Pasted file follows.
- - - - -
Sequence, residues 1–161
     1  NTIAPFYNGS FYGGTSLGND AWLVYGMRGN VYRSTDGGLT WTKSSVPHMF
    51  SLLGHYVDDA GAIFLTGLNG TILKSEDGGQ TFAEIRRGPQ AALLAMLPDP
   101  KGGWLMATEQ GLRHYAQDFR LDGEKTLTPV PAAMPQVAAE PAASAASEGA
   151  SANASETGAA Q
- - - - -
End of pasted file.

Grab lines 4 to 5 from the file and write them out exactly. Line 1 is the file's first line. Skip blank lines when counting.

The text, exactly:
   101  KGGWLMATEQ GLRHYAQDFR LDGEKTLTPV PAAMPQVAAE PAASAASEGA
   151  SANASETGAA Q